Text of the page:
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Ursprüngliche Aufgabe der Polizei war der Schutz der Gesellschaft vor Verkehrsunfällen und vor Verbrechen. Längst aber ist sie darüber hinaus zu einer Waffe geworden, angewendet wider alle, die aufzumucken wagen gegen Willkür des Unternehmers, gegen Dünkel des Bürokraten und gegen Mißbrauch der Gesetze. . .
Es gibt keine ethische Rechtfertigung für die Mittel, deren sie sich bedient.
Auch die willfährigsten Staatsphilosophen könnten keine Entschuldigung dafür finden, daß ein Land seine Ordnung aufrechterhält durch eine Armee von Lockspitzeln.
In the beginning the mission of the police was to protect society from traffic accidents and crimes. But over time it came to be a weapon deployed against all who dare to raise questions about the arbitrary conduct of entrepreneurs, who probe into the conceits of bureaucrats and who question the misuse of the law. . .
There is no ethical justification for the tools which it uses. Even the most compliant political philosopher could offer up no excuse for a state that seeks to maintain order with an army of snoops.
–Egon Erwin Kisch, Wagnisse in aller Welt, ch. 27, “Die Polizei und ihre Beute” (1927) in Gesammelte Werke, vol. 5, p. 592 (B. Uhse & G. Kisch eds. 1983)(S.H. transl.)
More from Scott Horton:
Conversation — August 5, 2016, 12:08 pm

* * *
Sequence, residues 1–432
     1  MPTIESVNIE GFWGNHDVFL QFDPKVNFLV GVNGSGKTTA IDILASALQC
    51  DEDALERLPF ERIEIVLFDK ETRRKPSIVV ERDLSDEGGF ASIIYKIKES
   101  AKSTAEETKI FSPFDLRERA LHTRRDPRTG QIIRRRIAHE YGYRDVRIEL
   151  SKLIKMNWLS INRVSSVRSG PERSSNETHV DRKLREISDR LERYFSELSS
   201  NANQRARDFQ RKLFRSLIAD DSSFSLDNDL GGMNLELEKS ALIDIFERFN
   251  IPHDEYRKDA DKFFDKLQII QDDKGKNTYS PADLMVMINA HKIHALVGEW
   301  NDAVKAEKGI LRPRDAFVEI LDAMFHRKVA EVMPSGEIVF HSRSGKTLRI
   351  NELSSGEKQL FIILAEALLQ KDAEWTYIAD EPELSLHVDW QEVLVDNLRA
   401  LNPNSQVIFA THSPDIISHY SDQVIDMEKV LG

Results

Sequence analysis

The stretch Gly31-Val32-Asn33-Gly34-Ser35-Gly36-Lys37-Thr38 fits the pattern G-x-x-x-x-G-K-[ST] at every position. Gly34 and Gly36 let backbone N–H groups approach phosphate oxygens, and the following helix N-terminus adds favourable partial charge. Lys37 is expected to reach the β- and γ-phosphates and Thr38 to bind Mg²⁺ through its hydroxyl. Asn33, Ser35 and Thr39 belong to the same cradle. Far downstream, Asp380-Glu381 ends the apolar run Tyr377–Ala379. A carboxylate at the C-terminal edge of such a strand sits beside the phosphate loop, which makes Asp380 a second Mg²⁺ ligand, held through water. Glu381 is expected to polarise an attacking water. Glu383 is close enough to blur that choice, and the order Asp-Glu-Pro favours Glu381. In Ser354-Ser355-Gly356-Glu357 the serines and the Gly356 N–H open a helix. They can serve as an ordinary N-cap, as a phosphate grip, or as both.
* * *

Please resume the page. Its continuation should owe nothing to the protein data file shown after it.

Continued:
Sidney Blumenthal on the origins of the Republican Party, the fallout from Clinton’s emails, and his new biography of Abraham Lincoln
Conversation — March 30, 2016, 3:44 pm
Joseph Hickman discusses his new book, The Burn Pits, which tells the story of thousands of U.S. soldiers who, after returning from Iraq and Afghanistan, have developed rare cancers and respiratory diseases.
Estimated number of people who watched a live Webcast of a hair transplant last fall:
A rancher in Texas was developing a system that will permit hunters to kill animals by remote control via a website.
A man in Japan was arrested for stealing a prospective employer’s wallet during a job interview, and a court in Germany ruled that it is safe for a woman with breast implants to be a police officer.
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"It is an interesting and somewhat macabre parlor game to play at a large gathering of one’s acquaintances: to speculate who in a showdown would go Nazi. By now, I think I know. I have gone through the experience many times—in Germany, in Austria, and in France. I have come to know the types: the born Nazis, the Nazis whom democracy itself has created, the certain-to-be fellow-travelers. And I also know those who never, under any conceivable circumstances, would become Nazis."